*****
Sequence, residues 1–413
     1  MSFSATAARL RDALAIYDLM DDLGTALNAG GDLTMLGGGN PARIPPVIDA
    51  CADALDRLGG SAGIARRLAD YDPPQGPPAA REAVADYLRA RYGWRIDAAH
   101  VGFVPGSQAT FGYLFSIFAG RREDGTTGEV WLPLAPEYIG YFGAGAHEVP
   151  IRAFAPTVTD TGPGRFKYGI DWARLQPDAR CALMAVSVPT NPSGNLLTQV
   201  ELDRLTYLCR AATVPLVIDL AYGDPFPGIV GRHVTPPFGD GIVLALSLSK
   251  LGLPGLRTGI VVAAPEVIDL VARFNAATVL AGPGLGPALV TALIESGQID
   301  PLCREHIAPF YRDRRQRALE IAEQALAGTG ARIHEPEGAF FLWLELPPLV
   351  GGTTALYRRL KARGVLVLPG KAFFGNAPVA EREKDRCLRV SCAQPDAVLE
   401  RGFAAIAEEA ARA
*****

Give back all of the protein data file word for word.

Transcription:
Sequence, residues 1–413
     1  MSFSATAARL RDALAIYDLM DDLGTALNAG GDLTMLGGGN PARIPPVIDA
    51  CADALDRLGG SAGIARRLAD YDPPQGPPAA REAVADYLRA RYGWRIDAAH
   101  VGFVPGSQAT FGYLFSIFAG RREDGTTGEV WLPLAPEYIG YFGAGAHEVP
   151  IRAFAPTVTD TGPGRFKYGI DWARLQPDAR CALMAVSVPT NPSGNLLTQV
   201  ELDRLTYLCR AATVPLVIDL AYGDPFPGIV GRHVTPPFGD GIVLALSLSK
   251  LGLPGLRTGI VVAAPEVIDL VARFNAATVL AGPGLGPALV TALIESGQID
   301  PLCREHIAPF YRDRRQRALE IAEQALAGTG ARIHEPEGAF FLWLELPPLV
   351  GGTTALYRRL KARGVLVLPG KAFFGNAPVA EREKDRCLRV SCAQPDAVLE
   401  RGFAAIAEEA ARA